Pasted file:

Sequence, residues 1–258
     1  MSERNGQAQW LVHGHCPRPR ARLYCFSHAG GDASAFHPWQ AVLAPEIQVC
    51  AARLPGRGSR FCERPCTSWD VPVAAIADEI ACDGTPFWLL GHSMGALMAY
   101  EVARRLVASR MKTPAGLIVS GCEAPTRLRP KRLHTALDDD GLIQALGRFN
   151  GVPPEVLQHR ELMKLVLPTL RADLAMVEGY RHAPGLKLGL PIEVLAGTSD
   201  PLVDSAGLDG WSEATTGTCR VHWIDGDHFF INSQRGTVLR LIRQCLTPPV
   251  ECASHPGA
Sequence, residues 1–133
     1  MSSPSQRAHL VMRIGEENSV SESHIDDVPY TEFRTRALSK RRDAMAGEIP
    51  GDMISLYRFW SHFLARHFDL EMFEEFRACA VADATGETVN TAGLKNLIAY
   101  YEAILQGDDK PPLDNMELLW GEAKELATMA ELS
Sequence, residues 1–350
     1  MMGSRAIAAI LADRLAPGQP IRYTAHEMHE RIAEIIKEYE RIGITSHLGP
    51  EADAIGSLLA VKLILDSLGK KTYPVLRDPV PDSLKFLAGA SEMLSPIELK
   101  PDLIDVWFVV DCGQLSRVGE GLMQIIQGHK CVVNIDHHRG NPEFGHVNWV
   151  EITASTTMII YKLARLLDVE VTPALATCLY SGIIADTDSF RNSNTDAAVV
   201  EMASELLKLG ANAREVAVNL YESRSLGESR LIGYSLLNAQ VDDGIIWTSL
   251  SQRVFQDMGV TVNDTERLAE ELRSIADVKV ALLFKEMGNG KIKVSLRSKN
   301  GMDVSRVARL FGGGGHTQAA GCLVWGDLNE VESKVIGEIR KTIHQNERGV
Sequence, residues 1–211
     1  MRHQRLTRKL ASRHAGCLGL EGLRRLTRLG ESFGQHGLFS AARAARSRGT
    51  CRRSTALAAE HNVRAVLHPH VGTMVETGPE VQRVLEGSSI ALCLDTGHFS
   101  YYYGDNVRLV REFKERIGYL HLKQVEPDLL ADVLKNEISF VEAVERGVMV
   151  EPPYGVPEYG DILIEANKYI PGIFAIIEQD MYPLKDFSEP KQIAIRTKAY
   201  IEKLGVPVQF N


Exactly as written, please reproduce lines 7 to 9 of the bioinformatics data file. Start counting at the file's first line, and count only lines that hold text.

   251  ECASHPGA
Sequence, residues 1–133
     1  MSSPSQRAHL VMRIGEENSV SESHIDDVPY TEFRTRALSK RRDAMAGEIP